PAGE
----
Because my parents read widely, so did I. Both my parents liked science fiction; we had subscriptions to Amazing Stories and Galaxy, and a lot of pulp fiction came into the house. My grandmother had a subscription to Readers’ Digest Condensed Books, but we had a subscription to the Science Fiction Book Club.

I read them all. Getting monthly deliveries from the SFBC kept me reading hard science science fiction, but also introduced me to fantasy. I think I was looking for the women, and I sure wasn’t finding them in the science fiction. Not in the 60s and 70s, anyway. I found myself drifting more towards Marion Zimmer Bradley and Anne McCaffery and Diana L. Paxson and Elizabeth Waters: strong female writers creating strong female protagonists.

On the face of it, it’s a bit of a leap from fantasy and science fiction to romance. But even in the old school science fiction, the stories that drew me the strongest, that stuck with me over the years, were the ones with characters I could relate to from page one. I like science fiction and fantasy best when the science or fantasy part is not the central theme of the story. It’s the characters I want.

When Words Collide logoI recently attended a reader/writer festival here in Calgary, where I worked in the merchant room at the table where my local Romance Writers of America chapter sold our books. This event, When Words Collide, has a strong focus on science fiction and fantasy. They’ve opened up to other genres, but there are still a lot of hard core SciFi fans who don’t read — or write — out of their genre much. A typical attendee was the fellow who came to the table while I was there, heaping praise on the sessions presented by romance authors on dialogue and characters. No one, in his opinion, does dialogue better than romance writers. And covers? We have the the best ones in the business.

So I asked him, as he picked up books to examine their covers and read the back blurbs, if he was interested in buying any. We had some paranormal and SciFi romances on the table that might appeal. “Of course not,” he replied. “I don’t read that crap.”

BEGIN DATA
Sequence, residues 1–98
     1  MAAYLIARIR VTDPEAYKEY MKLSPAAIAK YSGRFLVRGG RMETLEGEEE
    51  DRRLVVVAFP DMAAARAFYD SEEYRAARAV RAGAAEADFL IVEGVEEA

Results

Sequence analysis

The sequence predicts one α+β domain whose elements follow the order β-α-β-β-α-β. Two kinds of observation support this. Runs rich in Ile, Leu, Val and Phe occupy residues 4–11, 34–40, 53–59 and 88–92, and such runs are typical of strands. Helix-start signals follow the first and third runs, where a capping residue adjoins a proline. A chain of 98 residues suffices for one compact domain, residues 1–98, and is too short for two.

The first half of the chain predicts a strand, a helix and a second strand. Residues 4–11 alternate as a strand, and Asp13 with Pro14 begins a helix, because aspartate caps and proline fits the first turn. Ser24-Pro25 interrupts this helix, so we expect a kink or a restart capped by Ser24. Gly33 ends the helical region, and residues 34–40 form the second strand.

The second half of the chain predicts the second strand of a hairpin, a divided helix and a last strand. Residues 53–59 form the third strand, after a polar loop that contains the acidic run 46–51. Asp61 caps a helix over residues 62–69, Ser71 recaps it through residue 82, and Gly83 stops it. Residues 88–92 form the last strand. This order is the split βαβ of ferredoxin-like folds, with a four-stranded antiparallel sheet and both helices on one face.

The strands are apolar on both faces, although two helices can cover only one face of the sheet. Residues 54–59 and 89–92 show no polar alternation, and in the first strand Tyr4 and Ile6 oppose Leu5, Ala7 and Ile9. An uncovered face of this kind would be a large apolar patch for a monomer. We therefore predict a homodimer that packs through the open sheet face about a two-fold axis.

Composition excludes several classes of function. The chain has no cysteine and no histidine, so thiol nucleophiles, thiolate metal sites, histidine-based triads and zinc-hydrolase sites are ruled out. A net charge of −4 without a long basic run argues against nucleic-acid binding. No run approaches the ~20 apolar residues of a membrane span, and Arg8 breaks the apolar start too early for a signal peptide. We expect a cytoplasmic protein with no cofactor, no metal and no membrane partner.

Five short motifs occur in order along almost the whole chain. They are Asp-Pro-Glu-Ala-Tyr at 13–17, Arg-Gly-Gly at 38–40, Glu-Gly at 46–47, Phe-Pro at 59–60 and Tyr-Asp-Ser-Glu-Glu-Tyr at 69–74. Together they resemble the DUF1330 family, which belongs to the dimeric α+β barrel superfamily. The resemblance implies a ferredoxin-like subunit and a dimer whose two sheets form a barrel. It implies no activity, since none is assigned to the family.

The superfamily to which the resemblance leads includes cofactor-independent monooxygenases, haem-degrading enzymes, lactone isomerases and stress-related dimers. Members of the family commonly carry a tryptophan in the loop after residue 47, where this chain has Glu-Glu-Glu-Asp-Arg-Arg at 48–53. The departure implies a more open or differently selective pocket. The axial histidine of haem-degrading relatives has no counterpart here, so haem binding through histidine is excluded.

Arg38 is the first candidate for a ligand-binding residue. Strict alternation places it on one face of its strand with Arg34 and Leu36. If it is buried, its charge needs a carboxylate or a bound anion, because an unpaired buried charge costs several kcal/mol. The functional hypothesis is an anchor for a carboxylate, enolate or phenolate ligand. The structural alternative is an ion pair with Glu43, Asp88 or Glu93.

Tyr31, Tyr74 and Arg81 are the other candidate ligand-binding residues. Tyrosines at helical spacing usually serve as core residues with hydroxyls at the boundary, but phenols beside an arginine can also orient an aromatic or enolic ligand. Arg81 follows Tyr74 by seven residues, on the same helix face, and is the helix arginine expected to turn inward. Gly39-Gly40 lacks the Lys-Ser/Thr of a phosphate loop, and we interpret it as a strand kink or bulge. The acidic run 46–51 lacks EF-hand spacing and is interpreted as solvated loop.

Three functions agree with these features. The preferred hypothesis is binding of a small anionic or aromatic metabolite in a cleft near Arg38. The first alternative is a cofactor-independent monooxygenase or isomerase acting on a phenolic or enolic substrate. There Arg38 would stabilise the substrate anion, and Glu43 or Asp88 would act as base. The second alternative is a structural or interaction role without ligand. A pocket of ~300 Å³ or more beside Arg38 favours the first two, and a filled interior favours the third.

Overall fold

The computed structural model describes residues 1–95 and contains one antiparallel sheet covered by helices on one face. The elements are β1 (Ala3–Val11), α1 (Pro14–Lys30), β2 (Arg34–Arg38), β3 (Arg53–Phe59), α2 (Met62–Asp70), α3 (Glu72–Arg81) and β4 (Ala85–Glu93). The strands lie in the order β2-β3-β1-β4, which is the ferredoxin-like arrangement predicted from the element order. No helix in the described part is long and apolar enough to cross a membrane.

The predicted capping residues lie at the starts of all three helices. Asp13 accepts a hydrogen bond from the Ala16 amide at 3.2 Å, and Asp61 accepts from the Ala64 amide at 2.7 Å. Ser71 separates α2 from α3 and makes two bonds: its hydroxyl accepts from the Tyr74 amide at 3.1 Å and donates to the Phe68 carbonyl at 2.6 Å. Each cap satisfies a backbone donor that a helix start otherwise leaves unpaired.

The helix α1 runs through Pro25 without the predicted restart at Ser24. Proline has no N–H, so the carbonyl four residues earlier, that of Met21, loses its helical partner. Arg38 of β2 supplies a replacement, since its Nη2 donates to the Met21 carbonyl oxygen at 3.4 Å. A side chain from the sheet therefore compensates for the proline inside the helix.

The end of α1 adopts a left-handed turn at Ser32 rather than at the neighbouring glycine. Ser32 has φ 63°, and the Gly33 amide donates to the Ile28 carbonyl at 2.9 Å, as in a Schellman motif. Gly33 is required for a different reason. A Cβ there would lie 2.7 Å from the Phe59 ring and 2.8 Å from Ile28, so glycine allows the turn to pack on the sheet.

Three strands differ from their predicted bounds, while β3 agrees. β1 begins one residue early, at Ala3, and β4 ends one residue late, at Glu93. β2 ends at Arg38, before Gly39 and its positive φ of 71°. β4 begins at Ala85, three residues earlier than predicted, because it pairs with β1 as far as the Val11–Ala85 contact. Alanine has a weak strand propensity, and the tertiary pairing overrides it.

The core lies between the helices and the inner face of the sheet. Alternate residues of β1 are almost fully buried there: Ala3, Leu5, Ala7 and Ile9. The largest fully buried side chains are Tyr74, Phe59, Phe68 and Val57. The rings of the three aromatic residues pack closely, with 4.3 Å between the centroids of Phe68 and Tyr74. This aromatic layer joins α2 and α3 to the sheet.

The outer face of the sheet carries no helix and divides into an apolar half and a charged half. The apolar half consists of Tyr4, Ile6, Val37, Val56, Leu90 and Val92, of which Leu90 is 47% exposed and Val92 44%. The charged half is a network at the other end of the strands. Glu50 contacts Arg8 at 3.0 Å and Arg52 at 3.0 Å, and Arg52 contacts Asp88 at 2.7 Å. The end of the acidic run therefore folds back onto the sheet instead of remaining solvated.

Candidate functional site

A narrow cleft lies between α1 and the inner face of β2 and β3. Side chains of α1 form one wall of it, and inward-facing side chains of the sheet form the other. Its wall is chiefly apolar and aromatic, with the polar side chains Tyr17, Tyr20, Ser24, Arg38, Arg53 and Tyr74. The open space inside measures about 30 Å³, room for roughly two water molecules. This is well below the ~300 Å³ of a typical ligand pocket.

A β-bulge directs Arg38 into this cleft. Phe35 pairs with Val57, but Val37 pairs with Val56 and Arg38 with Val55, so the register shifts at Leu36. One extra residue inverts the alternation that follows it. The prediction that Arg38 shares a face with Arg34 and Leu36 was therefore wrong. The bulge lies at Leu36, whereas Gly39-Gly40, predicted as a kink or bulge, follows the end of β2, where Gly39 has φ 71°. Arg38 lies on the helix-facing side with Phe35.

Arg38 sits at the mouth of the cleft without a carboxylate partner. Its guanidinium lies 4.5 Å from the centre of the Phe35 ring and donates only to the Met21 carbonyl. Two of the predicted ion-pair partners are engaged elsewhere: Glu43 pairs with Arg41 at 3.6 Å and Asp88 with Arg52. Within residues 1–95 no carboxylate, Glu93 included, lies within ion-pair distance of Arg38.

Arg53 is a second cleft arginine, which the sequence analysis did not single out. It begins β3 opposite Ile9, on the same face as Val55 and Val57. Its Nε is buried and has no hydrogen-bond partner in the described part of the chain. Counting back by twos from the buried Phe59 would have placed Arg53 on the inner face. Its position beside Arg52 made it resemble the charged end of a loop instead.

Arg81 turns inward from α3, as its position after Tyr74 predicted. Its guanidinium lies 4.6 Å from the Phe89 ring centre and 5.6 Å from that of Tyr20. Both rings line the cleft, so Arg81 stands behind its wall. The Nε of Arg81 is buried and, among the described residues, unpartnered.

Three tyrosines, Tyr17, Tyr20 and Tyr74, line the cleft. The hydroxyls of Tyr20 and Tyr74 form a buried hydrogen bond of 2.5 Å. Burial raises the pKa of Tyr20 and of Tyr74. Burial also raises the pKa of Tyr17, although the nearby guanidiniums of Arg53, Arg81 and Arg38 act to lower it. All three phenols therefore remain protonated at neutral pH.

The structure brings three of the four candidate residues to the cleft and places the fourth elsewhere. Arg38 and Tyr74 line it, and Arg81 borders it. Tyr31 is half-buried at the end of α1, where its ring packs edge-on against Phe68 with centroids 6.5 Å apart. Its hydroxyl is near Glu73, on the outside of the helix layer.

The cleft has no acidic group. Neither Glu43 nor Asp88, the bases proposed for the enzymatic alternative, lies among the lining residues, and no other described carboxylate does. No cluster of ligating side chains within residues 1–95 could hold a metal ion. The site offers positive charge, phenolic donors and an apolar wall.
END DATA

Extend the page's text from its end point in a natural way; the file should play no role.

So, let me get this straight. You want to learn about writing dialogue, about creating great characters, but you don’t want to read in the genre that you admire for achieving those?

The mind. It boggles.

hand opening windowTo bring this article back to the original article that triggered it: We all have different doorways into what we read, and what we write. But there are a LOT of doorways. And a lot of windows. Even if you don’t want to go completely through a doorway, open the window and see what else is out there. You might be pleasantly surprised.

2 Responses

  1. Yes, so many doorways. Some, we don’t even recognize as doorways until long past the moment we walked through them.

    Along with many of your doorways, I remember in our high school (7-12 then) library, taking out those Gothic romances by Phyllis Whitney, Victoria Holt, and Mary Stewart. Remember those? Those brooding, wounded heroes. Sigh!

    Thanks for the memories.

    1. Mary Stewart, yes; the others, not till much later. For all that she read very widely, my mother had quite a bias against romance novels. Stewart I borrowed from a friend.

      Just as travel broadens our horizons and our viewpoints, so to does reading, in my opinion. I love stepping into someone else’s shoes for a couple hundred pages, seeing what they see and feeling what they feel.